Instead of being low wage earners, more people could start successful small businesses if minimum wages weren't dictated, and more jobs would be available to young people looking to gain work experience. There is no such thing as a "living wage", because somewhere along the line, supply meets demand, and they will be gouged. Increased wages will eventually inflate other costs, whether it be in food, housing, power, water, etc...
Any country with a minimum wage has unwittingly embraced a fascist-like ideal of regulating the majority of the labor force. They have also inadvertently created a workforce entry barrier for young people looking to gain work experience, because they are forced to compete with unskilled adults. Historically when authoritarian governments have exerted excessive control over the private sector, they failed abysmally. The downfall of the Soviet Union occurred because the government thought they could control the economy, while ignoring basic free market principles. The unwillingness to relinquish central control, ultimately led to its demise.
Freedom of contract is the freedom of private or public individuals and groups to form contracts without government restrictions. Freedom of contract, such as how much an employer pays a worker, could be protected by a decentralized blockchain platform like Ethereum, who has devoted much of their time to creating so called "smart contracts", automatic contracts between two parties which only execute when all terms and conditions are met.
In Allgeyer vs Louisiana, 165 U.S. 578 (1897), the U.S. Supreme Court for the first time invalidated a state law as a violation of liberty of contract. The court held that Louisiana violated the due process clause when it penalized a domestic company for contracting for maritime insurance with a New York company. Cryptocurrency makes it all but impossible for governments to freeze funds, or enforce fines by garnishing wages, meaning individuals can create contracts with whoever they please, including work agreements below the mandated minimum wage. Although collective bargaining groups would have you believe otherwise, minimum wage standards are in direct violation of freedom of contract. It is up to both parties in the contract to set the terms and conditions, not the government.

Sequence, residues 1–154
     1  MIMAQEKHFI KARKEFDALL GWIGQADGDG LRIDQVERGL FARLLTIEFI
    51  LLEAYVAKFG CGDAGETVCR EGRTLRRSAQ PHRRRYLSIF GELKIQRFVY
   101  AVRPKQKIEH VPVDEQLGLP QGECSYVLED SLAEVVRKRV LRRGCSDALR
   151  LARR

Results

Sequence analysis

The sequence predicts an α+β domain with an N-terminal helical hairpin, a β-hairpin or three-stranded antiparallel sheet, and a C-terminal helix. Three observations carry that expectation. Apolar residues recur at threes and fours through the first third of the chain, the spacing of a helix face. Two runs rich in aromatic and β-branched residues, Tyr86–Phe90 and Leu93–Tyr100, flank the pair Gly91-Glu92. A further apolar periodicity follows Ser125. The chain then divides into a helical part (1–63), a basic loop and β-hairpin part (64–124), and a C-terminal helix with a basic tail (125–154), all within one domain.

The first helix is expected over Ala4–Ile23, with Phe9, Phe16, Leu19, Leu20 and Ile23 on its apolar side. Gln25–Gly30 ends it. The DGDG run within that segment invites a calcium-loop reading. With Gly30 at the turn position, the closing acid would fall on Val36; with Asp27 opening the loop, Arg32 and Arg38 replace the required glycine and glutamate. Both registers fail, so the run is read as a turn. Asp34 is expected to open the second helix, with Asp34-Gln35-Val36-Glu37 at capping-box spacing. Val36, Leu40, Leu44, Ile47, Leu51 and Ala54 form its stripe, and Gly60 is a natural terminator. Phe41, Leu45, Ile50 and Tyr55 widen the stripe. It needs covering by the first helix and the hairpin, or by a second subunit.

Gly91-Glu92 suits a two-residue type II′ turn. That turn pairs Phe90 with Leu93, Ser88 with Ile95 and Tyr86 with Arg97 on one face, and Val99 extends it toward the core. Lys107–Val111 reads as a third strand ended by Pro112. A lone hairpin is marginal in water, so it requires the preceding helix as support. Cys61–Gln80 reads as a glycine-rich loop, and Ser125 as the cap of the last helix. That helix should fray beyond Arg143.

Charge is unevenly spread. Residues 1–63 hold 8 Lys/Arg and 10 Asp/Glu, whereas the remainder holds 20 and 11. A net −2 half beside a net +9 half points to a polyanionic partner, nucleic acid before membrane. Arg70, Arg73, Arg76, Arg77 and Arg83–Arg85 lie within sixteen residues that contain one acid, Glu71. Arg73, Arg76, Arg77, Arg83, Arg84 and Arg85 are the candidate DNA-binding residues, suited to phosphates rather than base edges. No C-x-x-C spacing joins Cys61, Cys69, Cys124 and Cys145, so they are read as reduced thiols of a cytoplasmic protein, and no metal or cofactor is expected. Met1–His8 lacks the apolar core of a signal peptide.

How does cryptocurrency fit in? Government policy has minimal effect on cryptocurrency prices, as demonstrated by countries like China "banning" Bitcoin every other week in a vain attempt to stem their horrendous capital flight problem. Cryptocurrency continues to steamroll as fiat currencies flounder, and aside from propaganda, there is little they can do to change this at the moment.
Groups of bright individuals from around the world are creating financial networks which themselves act as a medium of exchange, store of value, and unit of account; all 3 requirements of a currency. These networks operate outside of any government and do not belong to a single entity or person. Ultimately each of these financial networks decide their own policy and are self governing, leaving no room for crony capitalism.
Governments who attempt to ban cryptocurrency will reap no rewards from the economic stimulus provided by a burgeoning new industry. On the other hand, citizens bringing global cryptocurrency wealth into their local economy, will boost consumer spending on domestic goods and services. It is important to begin fostering a mutually beneficial relationship, because it could be what's needed to restore fiat currency purchasing power, and promote local business success.